Archive for August, 2009

We’re back from the hinterlands of central and eastern Ontario  and western Quebec after a week of camping followed by a weekend of cottaging.  We had five days of perfect late-summer camping weather (warm and sunny days followed by cool nights) and some dismal cottage weather made tolerable by great company.

I’ll share more on our camping trip this week, but suffice it to say that it was a blast.  This weekend, we hosted Danielle’s dad and stepmom at the cottage and spent a great evening with my parents, brother and grandma at my parents’ place.  As with most of our family get togethers, it was a hilarious mix of franglais and great stories, and everyone had a good time.

I’m kind of sad to be back, and it’s a little strange not to smell woodsmoke everywhere I go, but we missed home and especially our nice, comfy bed at home.  Even Mojo, who LOVED being out in nature (and chasing chipmunks all day, every day) was wagging his tail as he checked out the house.

So, everything is back to normal, including regular posting in here.  Thanks to Jared for posting a nice rant in my absence and for Derek for making me laugh my head off with his Facebook comment about ‘obsticles’.*

Stay tuned for some great stories about nearly getting lost in the woods overnight, the sunburn to end all sunburns and our noisy campsite neighbours.

*My blog posts automatically show up in Facebook, where people can post comments that don’t show up in here.  There’s a WordPress plug-in that supposedly will copy them over, but I’ve never been able to get it to work.  It’s in my “To Do List” for the future though.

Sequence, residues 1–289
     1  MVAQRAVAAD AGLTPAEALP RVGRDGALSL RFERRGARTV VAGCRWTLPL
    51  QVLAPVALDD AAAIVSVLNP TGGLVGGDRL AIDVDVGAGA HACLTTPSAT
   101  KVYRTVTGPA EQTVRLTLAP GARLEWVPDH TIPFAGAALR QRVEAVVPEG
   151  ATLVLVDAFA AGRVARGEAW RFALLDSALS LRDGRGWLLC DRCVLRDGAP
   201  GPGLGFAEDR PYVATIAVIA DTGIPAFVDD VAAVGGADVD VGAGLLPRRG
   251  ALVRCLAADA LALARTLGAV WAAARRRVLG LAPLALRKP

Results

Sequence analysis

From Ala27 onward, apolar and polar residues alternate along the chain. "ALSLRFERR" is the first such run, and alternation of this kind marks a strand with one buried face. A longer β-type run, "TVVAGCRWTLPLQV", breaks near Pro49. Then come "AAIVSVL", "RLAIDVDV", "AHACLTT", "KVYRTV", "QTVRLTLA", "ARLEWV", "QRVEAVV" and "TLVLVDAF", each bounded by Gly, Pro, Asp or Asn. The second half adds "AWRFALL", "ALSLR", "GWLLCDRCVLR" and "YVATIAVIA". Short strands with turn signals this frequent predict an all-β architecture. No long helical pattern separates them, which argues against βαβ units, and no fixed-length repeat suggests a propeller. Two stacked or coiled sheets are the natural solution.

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It’s been a while since Dave’s had a non-sensical rant on here, so I’d thought that I’d take this opportunity to fill that void. I’ll touch on a topic that’s become an increasingly frustrating part of my life, namely cyclists.

Now, I’m all for cycling most of the time. If I had a commute that was shorter than 35km, I’d probably be cycling to work. I understand that cyclists have tough choices. Whether you choose to ride in on the street or on the sidewalk, there’s always dangerous obsticles that present themselves. Most of these times, these obsticles are moving and don’t show you any respect. This is why there’s a push for bike lanes and bike paths to help alleviate these concerns and reduce the risk of an accident. So why don’t people use them? My place of dwelling is situated between one street with a bike lane and another without one. Would it surprise you to learn that I see more cyclists on the street without a bike lane? Are cyclists that lazy that they won’t go one block east to use a street with a bike lane? Instead, they’ll travel on a street, with high traffic density, typically used by cars to get in and out of downtown as quickly as possible. This seems like a poor choice, to willingly put yourself in a perilous situation, when, with 30 seconds of effort, you could be travelling on a street with your own lane and much less traffic. I just don’t get it.